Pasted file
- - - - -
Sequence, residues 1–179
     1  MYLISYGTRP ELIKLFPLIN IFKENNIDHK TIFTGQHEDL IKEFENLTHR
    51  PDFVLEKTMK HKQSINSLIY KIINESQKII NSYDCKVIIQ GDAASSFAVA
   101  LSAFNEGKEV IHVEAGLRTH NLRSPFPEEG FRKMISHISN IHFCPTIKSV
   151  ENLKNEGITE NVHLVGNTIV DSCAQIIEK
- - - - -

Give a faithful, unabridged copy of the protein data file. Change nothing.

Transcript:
Sequence, residues 1–179
     1  MYLISYGTRP ELIKLFPLIN IFKENNIDHK TIFTGQHEDL IKEFENLTHR
    51  PDFVLEKTMK HKQSINSLIY KIINESQKII NSYDCKVIIQ GDAASSFAVA
   101  LSAFNEGKEV IHVEAGLRTH NLRSPFPEEG FRKMISHISN IHFCPTIKSV
   151  ENLKNEGITE NVHLVGNTIV DSCAQIIEK